While I’m writing, I don’t do anything else. No editing, no going back and tinkering with sentences, no research. This probably comes from years of doing NaNoWriMo, where you commit to writing 1667 words every day in November, and by the end of the month, you’ve written a 50k novel. There’s a huge emphasis on only writing forwards and not looking back until you’ve reached the end. I did NaNo for many years and it was invaluable, and this is one of the many things I took from it. You need that first draft down on the page. So when I’m writing, I never edit anything, and if I need to look something up then I just mark it and know I’ll sort it out during editing. If I can’t think of the right word, I’ll use a similar word and mark it. If a minor character pops up and doesn’t have a name, I’ll call them CharacterA. Nothing to distract from the actual writing. (Well, when I’ve managed to close Twitter, that is!)
4 – fixing and stepping away!
Only when the first draft is done will I go back through it with a search for all my markers, look them up and fix them.
Then, if I can, I’ll put the book away for as long as possible. Even if it’s just for a week or so, I close the document, close the Pinterest board, close the pictures of hot men who resemble the hero, and do something else. Deadlines don’t always allow it, but I need space from a novel before I even try to see what’s structurally wrong with it. When you’ve just written something, you’re too close to it. You know every word. When you can step back and let yourself forget about it for a while, you go back to it with fresh eyes, and you’re more likely to be able to identify what’s wrong, where something’s sagging, where the pacing’s off, or if a character’s name/hair colour/eye colour change halfway through!
5 – ripping it to shreds!
Not literally. Well, maybe if you’ve printed out a copy! After I’ve had as long away from it as possible, I’ll read over it again and mark up anything that I don’t like, anything that seems slow, anything repetitive or inconsistent, anything that doesn’t make sense, generally anything that bothers me even slightly. Then I pull it apart and put it back together, again and again. Repeat to infinity. The biggest problem with editing is knowing when to stop. I think most authors could carry on tinkering with their books forever, but eventually you have to stop yourself and hit ‘send’ to your editor, convinced it’s terrible and your revisions will be less ‘revising’ and more rewriting the whole book!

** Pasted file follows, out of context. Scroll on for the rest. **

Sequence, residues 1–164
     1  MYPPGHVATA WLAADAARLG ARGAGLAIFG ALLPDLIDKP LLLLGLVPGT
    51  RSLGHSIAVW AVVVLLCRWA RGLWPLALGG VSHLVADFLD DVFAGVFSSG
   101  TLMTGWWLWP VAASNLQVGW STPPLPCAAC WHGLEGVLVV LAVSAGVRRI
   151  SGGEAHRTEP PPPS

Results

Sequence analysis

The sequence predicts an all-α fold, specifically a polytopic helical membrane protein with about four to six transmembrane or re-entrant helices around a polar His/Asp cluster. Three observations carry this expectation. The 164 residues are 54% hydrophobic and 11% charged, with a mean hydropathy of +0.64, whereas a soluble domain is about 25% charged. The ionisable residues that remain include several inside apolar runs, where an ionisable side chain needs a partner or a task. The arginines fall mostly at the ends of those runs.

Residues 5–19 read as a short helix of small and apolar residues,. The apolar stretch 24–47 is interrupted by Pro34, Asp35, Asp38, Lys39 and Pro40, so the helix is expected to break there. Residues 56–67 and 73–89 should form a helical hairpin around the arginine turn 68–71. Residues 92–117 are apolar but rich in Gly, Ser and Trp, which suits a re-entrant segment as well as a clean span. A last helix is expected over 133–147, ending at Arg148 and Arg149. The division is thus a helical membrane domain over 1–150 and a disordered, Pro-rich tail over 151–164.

Wendy Clayton stopped believing in fairy tales a long time ago. Instead, she has a ‘nice’ life. Nice job. Nice flat. Absolutely no men. Until her life is turned upside-down when her elderly neighbour, Eulalie, passes away and leaves her the Château of Happily Ever Afters!
But there’s a catch: she must share the sprawling French castle with Eulalie’s long-lost nephew, Julian. And no matter how gorgeous he is, or how easily she finds herself falling head over heels, Wendy needs to find a way to get rid of him…
Because surely happily ever afters don’t happen in real life?
Links: Website | Twitter | Facebook
About Jaimie: Jaimie is a 32-year-old English-sounding Welsh girl with an awkward-to-spell name. She lives in South Wales and enjoys writing, gardening, watching horror movies, and drinking tea, although she’s seriously considering marrying her coffee machine. She loves autumn and winter, and singing songs from musicals despite the fact she’s got the voice of a dying hyena. She hates spiders, hot weather, and cheese & onion crisps. She spends far too much time on Twitter and owns too many pairs of boots.
She will never have time to read all the books she wants to read.
She is the author of chick-lit romantic comedies The Chateau of Happily Ever Afters and Kismetology, and she has also written young-adult romantic comedies Afterlife Academy, Not Pretty Enough, and North Pole Reform School.
Fancy winning yourself this fabulous French themed stationery bundle? Of course you do! We all love stationery and in this bundle you’ll get: Paris notebook & pen from Paperchase, The Chateau of Happily Ever Afters notebook, Eiffel Tower model & bookmark, The Chateau of Happily Ever Afters magnet and a signed postcard. To enter, just click HERE to go to the Rafeelcopter giveaway!